Barack Obama invited to a Gaelic game and a pint at G8

Obama Guinness Barack and Michelle Obama had a pint of Guinness when visiting Moneygall in the Republic of Ireland in 2011.

Eight of the world's most powerful leaders will meet next month in a Fermanagh hotel.

Away from prying eyes, the G8 will discuss the issues of the day.

But out of Cameron, Merkel, Putin, Obama, Hollande, Abe, Napolitano and Harper, it looks like Obama might be the most popular.

He's the only one invited to a pint and a GAA game, anyway.

Cavan man Dean Arrowsmith has invited the world leader to sample Gaelic football for himself.

Start Quote

You may think this is a joke email...”

End Quote Dean Arrowsmith Email to the White House

The Ulster quarter-final takes place on Sunday 16 June at the 18,000-seater Brewster Park in Enniskillen.

Perhaps a bit of Obama's 'Yes We Can' spirit will be all the Cavan players need to help them beat Fermanagh.

It was after Cavan's 1-15 to 1-11 win over Armagh at the weekend that Mr Arrowsmith wrote his email to the White House.

"If you have time in your hectic schedule," it reads, "I would like to invite you to attend the game with myself and a few friends, I will even pay in to the game for you (it's only €15), and let you experience the national game of our country for the first time."

The 24-year-old, who used to promote Dundalk FC in the Airtricity League, told Obama he would "buy you a pint of Guinness and discuss the trials and tribulations of what occurred on the field."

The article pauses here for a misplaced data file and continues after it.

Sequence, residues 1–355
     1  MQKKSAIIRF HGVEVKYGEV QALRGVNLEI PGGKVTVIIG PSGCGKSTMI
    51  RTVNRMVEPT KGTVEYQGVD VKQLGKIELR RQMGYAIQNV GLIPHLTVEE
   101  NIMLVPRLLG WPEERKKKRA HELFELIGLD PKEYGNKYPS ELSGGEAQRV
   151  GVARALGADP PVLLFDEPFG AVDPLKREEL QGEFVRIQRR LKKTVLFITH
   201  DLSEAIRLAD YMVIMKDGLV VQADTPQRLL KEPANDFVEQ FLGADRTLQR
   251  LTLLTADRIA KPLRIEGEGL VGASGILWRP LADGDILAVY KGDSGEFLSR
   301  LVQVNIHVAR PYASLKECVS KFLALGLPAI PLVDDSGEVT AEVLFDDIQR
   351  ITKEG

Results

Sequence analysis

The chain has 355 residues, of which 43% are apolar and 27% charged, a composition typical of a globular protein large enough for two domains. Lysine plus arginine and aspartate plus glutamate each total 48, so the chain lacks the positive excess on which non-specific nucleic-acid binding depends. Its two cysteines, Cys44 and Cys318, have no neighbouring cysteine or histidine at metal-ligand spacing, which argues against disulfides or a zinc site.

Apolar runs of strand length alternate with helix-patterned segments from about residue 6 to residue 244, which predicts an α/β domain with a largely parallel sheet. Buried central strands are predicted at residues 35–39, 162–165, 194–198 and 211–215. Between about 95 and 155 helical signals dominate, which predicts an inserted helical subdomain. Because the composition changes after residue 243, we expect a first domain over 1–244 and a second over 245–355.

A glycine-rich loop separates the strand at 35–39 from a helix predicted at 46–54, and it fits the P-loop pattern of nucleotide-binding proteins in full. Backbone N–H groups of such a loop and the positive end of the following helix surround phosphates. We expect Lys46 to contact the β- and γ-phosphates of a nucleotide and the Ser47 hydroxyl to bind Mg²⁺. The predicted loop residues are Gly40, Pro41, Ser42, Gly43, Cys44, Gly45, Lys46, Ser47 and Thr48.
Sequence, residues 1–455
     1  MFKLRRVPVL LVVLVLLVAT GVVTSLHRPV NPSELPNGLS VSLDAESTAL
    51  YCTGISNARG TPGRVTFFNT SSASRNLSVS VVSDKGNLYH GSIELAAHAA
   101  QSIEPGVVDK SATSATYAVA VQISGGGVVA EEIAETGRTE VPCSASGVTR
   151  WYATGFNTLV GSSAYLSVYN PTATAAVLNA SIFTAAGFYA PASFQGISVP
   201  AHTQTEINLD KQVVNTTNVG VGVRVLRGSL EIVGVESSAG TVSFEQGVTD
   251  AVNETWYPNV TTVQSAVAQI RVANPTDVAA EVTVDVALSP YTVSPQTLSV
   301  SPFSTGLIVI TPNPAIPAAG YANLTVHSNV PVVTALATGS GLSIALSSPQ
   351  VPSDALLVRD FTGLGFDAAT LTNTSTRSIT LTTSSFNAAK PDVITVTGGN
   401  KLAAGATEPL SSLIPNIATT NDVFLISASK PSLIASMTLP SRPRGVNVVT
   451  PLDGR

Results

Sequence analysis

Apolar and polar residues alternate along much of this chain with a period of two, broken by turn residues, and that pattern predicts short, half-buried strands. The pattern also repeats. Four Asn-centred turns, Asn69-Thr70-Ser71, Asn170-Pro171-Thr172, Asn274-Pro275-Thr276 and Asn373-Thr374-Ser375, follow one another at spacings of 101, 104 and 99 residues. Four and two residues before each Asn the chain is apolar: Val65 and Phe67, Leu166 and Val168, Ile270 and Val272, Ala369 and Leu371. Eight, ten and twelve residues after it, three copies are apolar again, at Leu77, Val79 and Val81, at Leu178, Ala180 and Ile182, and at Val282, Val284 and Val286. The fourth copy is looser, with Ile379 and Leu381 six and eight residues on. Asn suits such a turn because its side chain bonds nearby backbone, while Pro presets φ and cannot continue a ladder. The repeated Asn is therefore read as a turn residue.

Martin Dunne Cavan forward Martin Dunne was named man of the match at the weekend's game against Armagh.

He said: "I know you probably won't want to offend your native Offaly folk but we will also give you a Cavan jersey as a memento for the occasion."

On Obama's 2011 visit to Ireland, he had a pint of stout in his ancestral home town of Moneygall, Co. Offaly, where his great-great-great-grandfather once lived.

The pint was "delicious", the president said.

There has been no response from the White House just yet.

But Mr Arrowsmith says that if he knew his way around county stereotypes, he would hotfoot it to Brewster Park.

"Cavan people are known for being a little bit tight", he said. "So if a Cavan man offers to buy you a pint and a ticket, you take him up on it."

His email to the White House finished with: "You may think this is a joke email, but I assure you, we would love for you to come cheer on the Boys in Blue with us."

President Obama is not due to get to the UK until the day after the big game.

But there are still three weeks left until the G8 - still time for Cavan to win a new, high-profile fan, Mr Arrowsmith hopes.

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